Investigator says 'insane' rules are blocking his study on magic mushrooms

Drug investigator David Nutt, a longtime thorn in the side of U.K. officials, is back at his favorite pastime. Nutt was kicked out of his post as an official adviser to the government on therapeutics after adopting a controversial stance in favor of testing illicit drugs like magic mushrooms for depression. And now he says "insane" government rules have blocked manufacturers from signing on to supply psilocybin for an approved clinical study.

Nutt, a professor at the prestigious Imperial College in London, has the money for the trial. The Medical Research Council came up with a £550,000 grant to test the active ingredient in magic mushrooms for depression. But manufacturers have refused to jump through the regulatory hoops required to make the treatment. "It hasn't started yet because the big problem is getting hold of the drug," said Professor Nutt, according to a report from the BBC. And the same barrier is being thrown up against cannabis and ecstasy.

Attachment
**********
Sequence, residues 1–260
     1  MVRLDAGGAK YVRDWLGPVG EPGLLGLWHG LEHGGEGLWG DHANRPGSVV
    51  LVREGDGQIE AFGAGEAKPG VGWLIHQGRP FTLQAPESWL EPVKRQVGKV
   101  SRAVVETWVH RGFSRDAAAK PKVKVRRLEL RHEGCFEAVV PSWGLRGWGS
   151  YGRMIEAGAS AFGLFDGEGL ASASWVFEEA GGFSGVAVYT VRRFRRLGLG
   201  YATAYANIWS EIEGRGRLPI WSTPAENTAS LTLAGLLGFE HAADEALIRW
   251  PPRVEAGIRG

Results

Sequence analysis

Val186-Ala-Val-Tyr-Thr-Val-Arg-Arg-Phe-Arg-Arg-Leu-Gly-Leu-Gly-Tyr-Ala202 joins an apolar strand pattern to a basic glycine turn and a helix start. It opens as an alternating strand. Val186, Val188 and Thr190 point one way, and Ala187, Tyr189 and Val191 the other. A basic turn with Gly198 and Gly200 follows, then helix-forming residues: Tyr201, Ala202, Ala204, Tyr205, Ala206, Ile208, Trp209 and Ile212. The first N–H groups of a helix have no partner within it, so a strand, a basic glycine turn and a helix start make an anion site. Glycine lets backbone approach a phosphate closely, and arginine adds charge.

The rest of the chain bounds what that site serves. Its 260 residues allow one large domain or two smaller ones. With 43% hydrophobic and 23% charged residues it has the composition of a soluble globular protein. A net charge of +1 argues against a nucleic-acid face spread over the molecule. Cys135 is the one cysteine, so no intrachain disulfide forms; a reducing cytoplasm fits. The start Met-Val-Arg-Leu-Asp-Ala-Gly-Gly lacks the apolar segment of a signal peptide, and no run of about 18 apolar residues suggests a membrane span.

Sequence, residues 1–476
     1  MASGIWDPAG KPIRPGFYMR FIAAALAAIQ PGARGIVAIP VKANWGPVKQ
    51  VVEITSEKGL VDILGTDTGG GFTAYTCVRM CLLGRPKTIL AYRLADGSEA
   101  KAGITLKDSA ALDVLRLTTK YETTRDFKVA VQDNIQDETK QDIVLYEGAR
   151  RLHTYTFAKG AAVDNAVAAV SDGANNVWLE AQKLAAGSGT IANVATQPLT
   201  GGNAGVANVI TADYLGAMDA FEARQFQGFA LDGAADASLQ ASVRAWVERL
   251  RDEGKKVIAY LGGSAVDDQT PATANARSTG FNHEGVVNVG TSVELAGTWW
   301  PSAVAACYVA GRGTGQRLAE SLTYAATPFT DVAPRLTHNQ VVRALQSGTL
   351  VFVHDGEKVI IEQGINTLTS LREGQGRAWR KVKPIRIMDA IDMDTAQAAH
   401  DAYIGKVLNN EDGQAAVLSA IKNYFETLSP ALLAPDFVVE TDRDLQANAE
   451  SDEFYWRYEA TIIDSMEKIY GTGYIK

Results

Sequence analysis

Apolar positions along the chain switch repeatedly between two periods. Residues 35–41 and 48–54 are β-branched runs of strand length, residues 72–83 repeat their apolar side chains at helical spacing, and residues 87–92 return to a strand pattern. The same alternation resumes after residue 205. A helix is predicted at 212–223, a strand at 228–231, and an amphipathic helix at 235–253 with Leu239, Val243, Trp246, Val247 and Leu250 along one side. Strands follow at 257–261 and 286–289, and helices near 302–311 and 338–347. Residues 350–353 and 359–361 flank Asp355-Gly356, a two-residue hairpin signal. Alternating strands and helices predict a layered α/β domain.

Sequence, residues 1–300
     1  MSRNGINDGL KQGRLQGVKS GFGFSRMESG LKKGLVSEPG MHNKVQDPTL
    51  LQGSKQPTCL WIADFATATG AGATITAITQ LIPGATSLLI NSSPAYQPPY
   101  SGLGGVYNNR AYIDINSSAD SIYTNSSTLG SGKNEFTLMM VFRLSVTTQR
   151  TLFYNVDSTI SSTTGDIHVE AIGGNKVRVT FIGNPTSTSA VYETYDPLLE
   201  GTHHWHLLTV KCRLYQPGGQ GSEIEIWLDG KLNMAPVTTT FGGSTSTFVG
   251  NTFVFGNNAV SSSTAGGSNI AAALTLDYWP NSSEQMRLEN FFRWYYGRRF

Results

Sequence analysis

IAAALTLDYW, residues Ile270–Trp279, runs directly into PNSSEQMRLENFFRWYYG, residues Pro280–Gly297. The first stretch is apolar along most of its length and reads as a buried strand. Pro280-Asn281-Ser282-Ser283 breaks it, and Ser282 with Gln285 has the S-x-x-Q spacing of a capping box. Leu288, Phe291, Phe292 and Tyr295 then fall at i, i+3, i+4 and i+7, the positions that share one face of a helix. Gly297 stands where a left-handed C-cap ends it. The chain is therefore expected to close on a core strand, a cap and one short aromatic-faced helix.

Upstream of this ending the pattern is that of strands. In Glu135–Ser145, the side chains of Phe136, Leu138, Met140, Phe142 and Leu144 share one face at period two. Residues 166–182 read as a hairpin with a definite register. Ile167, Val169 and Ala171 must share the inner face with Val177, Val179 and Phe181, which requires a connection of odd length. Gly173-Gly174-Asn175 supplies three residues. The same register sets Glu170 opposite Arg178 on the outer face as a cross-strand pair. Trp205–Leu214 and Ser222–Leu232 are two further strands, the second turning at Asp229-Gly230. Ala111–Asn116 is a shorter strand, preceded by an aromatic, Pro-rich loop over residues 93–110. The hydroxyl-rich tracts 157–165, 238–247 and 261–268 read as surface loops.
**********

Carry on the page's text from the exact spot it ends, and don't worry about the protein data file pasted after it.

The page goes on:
"So we are between a rock and a hard place, which is very unfortunate, because if this is an effective treatment for patients then they're obviously being denied that possibility so one of the things we have to do now is have a more rational debate about the way the drugs laws are being implemented," adds Nutt.

There was some experimentation involving magic mushrooms back in the late '60s, but it swiftly vanished in the wake of official disapproval on both sides of the Atlantic. Now Nutt is leading the charge to get back to the clinic, armed with scientific studies which have shown that psilocybin can have a positive effect on parts of the brain associated with chronic depression.

Nutt doesn't lack for public attention. U.K. newspapers have eagerly picked up every accusation. But the British government refuses to engage, saying that there's no reason to believe that there's anything wrong with the process as it exists today.

"Our licensing regime enables legitimate research to take place while ensuring that harmful drugs don't get into the hands of criminals," is the official line. "We have no evidence to suggest that the current listing of psilocybin as a schedule one substance is a barrier to attracting funding for legitimate research."

- here's the BBC story

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